Supporters hope to persuade state to appeal to Congress for action
Some Chicago-area voters this week were asked to weigh in on the issue of corporate spending in political campaigns as part of a movement with the ultimate goal of amending the U.S. Constitution to change the way elections are financed.
"There's too much big, soft money sloshing around," said Lyle Hyde Jr., of Chicago, an organizer behind the advisory ballot question in Chicago. The question, which also appeared on some suburban and downstate ballots, asked voters if they would support a constitutional amendment that would, in effect, set limits on political contributions from big corporations.
About 74 percent of Chicago voters backed that notion, and suburban and downstate questions garnered similar results. Dubbed the "Move to Amend" movement, the effort targets the 2010 U.S. Supreme Court decision known as Citizens United, which allowed corporations and unions to spend without limits on campaigns.
The proposal also earned more than 60 percent voter approval in Kane County, Warrenville, and Lisle, Oak Park, Northfield and Avon townships, surpassing 70 and 80 percent in some areas, according to unofficial vote totals.
"We're not surprised, but we're certainly very happy," said Steve Alesch of DuPage Move to Amend and one of the primary organizers of the Lisle Township and Warrenville ballot questions. "Really, this shows that this is a nonpartisan issue."
Alesch, of Warrenville, said he is encouraged by the level of support because, if Congress decides to take up the issue, it would need a supermajority to pass the amendment. The same is true for voters to ratify the amendment in each state.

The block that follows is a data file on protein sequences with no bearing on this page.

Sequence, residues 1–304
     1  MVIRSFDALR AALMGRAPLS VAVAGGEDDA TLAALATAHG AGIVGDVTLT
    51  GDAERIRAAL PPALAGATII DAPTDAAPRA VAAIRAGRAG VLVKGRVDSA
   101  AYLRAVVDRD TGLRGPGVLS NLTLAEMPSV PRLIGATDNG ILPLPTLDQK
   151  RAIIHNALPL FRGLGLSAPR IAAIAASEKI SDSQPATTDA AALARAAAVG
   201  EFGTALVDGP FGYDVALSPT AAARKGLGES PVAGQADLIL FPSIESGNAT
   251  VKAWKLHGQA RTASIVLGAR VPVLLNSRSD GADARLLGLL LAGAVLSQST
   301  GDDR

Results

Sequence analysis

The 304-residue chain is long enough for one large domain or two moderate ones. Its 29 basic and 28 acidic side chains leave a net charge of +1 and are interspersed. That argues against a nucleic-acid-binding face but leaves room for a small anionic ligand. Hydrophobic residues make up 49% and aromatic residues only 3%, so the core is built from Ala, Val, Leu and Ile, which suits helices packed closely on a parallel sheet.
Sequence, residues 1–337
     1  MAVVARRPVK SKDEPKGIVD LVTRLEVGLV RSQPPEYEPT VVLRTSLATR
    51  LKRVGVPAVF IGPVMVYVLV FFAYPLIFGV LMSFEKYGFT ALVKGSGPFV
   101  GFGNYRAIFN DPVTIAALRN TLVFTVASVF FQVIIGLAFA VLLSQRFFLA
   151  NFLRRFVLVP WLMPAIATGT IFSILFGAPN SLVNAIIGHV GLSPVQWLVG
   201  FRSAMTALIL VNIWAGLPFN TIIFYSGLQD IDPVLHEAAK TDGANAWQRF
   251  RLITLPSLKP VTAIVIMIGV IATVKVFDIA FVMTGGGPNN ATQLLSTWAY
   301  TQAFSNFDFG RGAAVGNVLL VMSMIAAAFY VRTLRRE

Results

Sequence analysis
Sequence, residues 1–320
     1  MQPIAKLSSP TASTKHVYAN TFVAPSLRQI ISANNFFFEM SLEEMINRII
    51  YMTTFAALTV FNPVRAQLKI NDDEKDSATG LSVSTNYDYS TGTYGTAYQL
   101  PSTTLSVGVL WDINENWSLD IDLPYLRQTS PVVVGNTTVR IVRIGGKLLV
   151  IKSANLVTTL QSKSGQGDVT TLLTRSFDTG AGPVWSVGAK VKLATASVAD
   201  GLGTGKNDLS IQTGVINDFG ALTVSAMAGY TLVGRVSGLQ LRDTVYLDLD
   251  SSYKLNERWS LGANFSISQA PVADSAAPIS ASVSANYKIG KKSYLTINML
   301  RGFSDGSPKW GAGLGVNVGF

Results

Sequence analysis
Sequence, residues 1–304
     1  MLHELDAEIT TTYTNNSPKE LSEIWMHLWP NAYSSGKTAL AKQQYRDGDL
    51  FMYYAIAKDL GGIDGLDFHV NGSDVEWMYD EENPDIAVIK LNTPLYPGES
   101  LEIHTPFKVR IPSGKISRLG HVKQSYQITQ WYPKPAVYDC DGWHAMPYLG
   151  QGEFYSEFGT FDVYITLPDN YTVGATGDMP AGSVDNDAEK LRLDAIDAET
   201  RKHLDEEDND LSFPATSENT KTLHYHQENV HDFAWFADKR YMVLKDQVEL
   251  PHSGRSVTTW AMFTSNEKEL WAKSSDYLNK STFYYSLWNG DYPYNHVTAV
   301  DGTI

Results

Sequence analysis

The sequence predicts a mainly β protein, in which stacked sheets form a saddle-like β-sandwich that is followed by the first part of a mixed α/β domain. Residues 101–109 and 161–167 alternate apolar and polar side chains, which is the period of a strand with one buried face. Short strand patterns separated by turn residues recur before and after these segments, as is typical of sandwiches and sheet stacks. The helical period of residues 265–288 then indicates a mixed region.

Supporters say the next step is to lobby Illinois lawmakers for an advisory resolution urging Congress to take up the issue, said Kaye Gamble, who heads Move to Amend Kane County.
Gamble and other supporters said it was important to start the movement at the local level and work up to show how much support there is to limit the influence of so-called super political action committees — even if Tuesday night's results show the additional campaign spending by outside fundraisers didn't carry as much influence as many assumed.
Super PACs and other groups spent more than $1 billion on the 2012 election, mostly on behalf of Republican candidates, including GOP presidential nominee Mitt Romney. Karl Rove, adviser and strategist to President George W. Bush, spent millions to co-found PACs that stumped for Romney.
Hyde said the threat still remains.
"We're all certainly satisfied with the results that the billions of dollars spent didn't change the final outcome of president and many Senate and House outcomes, but they still had undue influence on the results," he said. "That is a threat to the basic system of government."